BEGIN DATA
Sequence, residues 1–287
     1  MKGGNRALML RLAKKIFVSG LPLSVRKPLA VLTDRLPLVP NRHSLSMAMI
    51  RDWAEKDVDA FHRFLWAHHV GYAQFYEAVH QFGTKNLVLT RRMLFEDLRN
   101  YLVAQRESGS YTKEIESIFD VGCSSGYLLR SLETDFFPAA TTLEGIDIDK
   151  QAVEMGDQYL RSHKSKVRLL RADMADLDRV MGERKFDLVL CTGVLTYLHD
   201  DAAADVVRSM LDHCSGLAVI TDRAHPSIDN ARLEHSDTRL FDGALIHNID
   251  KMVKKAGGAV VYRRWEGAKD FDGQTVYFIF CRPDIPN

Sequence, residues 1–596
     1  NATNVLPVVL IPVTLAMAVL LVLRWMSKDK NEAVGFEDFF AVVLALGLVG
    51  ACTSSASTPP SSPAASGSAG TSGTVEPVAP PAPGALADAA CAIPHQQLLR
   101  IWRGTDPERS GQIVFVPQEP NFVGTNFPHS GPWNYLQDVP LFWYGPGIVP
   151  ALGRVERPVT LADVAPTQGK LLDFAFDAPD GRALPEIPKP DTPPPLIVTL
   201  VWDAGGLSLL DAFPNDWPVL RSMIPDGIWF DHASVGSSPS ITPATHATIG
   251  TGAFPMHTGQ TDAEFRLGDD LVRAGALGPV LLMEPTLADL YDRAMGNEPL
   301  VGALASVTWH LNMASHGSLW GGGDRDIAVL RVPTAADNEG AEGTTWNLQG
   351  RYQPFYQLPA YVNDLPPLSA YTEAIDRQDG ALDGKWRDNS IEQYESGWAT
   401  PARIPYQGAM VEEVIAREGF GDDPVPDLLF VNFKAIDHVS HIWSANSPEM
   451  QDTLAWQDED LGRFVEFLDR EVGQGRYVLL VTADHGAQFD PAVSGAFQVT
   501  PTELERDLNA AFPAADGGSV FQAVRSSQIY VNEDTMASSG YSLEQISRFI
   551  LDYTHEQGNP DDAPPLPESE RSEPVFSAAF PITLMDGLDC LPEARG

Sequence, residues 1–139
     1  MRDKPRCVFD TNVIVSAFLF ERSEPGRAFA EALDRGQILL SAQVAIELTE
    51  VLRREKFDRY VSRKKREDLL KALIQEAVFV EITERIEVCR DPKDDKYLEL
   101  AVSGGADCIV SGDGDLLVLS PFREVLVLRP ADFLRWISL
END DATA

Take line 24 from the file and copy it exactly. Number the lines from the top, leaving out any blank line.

   101  AVSGGADCIV SGDGDLLVLS PFREVLVLRP ADFLRWISL